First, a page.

I woke up early and went for a walk around Helsinki. I loved the crunch of the snow under my feet, the snow covered frozen water, the readily available bicycles, and the cool trees.
I was VERY excited about the agenda today and it did not disappoint! We learned about environmental and sustainability education in Finland.
The Finnish Nature Centre Haltia hosts one day visits for 5th through 9th grade classes. They teach basic hiking skills, how to dress outdoors, how to cook outdoors, and more. A main focus of instruction is biodiversity. Nature school programs are connected to the curriculum in the schools. Sustainability runs throughout the curriculum in ALL subjects.
Bird programs are in the spring. Owls are active this time of year, March. Students spend time learning about animal architecture and how humans have benefited from it and applied it to our designs, etc.
After we explored the nature center we went for a hike. We learned that Finland has a lot of industry based on paper. The country is 3/4 trees, but there are not many old growth forests. The average age for their trees is 60 years old, the age the trees are cut for industry.
In Finland the land is open to the people, even if it is private property. This means that you can hike and camp on another person's land, as long as you leave NO trace! You may not enter into any buildings, use any equipment, etc. However, you may enjoy the nature, all of the nature!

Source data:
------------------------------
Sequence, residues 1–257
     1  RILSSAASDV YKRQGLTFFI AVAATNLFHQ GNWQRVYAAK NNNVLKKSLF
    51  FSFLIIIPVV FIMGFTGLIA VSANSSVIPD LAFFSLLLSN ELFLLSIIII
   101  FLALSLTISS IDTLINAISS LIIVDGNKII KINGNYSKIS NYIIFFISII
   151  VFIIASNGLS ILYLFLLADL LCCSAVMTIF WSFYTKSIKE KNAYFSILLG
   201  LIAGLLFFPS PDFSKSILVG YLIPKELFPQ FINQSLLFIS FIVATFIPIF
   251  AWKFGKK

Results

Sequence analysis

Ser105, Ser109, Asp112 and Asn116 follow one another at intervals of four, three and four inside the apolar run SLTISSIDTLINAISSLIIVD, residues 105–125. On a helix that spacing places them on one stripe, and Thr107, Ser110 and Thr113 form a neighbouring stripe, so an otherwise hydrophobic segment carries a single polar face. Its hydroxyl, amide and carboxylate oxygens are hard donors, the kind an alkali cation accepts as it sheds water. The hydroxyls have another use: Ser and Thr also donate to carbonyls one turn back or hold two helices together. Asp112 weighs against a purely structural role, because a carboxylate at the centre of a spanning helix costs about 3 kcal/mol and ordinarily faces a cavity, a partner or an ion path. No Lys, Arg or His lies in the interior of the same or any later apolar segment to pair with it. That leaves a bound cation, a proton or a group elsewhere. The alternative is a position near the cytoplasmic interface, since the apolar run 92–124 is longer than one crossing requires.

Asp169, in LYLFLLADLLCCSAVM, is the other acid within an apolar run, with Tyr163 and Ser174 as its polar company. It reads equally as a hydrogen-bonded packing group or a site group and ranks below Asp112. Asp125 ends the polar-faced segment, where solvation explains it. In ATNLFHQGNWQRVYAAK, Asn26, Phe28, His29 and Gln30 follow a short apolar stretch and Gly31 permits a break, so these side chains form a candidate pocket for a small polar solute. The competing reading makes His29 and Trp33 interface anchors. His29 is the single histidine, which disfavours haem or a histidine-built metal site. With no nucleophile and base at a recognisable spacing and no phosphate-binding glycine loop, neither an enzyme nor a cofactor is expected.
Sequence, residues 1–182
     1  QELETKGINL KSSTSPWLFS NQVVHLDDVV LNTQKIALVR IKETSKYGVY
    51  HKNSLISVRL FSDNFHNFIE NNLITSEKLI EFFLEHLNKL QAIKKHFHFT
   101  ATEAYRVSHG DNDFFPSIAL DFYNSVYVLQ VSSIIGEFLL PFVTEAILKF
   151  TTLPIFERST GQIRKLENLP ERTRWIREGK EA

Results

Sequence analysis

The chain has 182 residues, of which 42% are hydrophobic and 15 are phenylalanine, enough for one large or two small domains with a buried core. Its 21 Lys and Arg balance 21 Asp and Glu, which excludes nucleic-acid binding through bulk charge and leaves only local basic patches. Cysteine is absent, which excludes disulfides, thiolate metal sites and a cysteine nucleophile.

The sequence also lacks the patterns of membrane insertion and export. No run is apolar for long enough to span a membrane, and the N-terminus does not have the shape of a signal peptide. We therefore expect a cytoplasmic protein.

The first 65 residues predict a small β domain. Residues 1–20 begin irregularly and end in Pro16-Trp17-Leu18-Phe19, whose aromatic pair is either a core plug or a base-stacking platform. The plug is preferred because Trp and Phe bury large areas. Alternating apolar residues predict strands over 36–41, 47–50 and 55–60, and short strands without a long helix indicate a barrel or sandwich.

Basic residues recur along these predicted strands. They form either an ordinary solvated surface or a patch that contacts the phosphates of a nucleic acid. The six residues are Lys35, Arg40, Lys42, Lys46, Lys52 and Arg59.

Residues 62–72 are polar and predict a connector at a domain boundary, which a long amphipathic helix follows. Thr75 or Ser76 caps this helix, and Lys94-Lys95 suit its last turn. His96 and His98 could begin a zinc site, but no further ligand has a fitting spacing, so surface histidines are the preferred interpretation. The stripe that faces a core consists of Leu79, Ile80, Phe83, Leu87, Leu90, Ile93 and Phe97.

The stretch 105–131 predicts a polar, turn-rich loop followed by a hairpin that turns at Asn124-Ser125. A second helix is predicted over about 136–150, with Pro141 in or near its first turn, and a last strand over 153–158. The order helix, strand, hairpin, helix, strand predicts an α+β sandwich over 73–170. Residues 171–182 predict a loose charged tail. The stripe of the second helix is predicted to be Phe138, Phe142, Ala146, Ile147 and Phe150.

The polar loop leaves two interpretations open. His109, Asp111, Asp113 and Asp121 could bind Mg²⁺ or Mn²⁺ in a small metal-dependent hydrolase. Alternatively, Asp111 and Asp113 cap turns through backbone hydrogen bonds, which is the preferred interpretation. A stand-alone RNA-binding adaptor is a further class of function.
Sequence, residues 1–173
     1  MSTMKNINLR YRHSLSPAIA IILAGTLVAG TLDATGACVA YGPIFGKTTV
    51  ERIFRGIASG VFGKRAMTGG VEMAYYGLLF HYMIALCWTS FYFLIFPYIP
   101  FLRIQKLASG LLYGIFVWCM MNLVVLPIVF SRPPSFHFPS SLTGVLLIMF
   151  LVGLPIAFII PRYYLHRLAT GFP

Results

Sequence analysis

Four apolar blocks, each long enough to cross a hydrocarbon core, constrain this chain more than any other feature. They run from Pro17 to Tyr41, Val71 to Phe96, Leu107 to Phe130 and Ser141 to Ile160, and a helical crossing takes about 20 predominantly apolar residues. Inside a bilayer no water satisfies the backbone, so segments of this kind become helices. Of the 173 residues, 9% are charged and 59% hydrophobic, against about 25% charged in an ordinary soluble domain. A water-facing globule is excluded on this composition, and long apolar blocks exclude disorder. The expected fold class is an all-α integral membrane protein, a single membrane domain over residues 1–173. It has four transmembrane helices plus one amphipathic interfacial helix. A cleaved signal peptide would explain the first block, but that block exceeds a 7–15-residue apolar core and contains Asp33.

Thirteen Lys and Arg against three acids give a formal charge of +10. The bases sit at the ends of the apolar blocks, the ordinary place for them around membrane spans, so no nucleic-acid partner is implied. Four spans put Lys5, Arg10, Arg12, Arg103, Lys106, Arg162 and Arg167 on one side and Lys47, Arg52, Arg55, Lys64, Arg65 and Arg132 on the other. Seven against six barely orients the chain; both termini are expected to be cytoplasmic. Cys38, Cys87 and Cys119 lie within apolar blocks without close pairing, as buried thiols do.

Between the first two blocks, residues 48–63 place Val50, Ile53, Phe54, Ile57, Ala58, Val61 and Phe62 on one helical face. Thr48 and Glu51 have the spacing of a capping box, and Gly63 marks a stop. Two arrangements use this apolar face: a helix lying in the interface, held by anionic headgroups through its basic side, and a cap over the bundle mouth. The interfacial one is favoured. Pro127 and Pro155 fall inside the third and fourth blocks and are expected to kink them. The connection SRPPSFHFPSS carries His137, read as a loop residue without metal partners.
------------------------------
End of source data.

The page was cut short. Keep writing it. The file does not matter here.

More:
Our hike ended at a campfire with our wonderful leaders, Mirka McIntire, Inari Ahokas, and Maija Kettunen. They went ahead of us and set up a campfire. We roasted sausages and a delicious dessert bread that you put on the end of sticks to cook. It was comical to navigate this process, not letting the dough fall of the sticks.
We carefully put out the campfire, packing it with snow. We then headed to the sauna. It was helpful to have our leaders show us how it is done. We were hot! The smoke sauna was even more intense, as the people added THREE scoops of water to the coals. Yikes! Even more intense was quickly moving outside from the sauna and taking a dip into the Baltic Sea! I did not go in the water the first time my group went out. On the second trip outside, I built up the courage and went it! I never let go of the railing, but got wet almost up to my shoulders. When in Finland...
Michele and I had some extra time after the sauna and ice swimming for a game of "Baltic Hole" (Corn Hole) in the snow.
We came back to the hotel to get ready for our first meal on our own, not organized by Fulbright Finland. We typically squeeze into elevators together. This photo is missing two women in our group. We sat at a historic table for dinner and celebrated the moment.
It was another fun filled day!
All the best,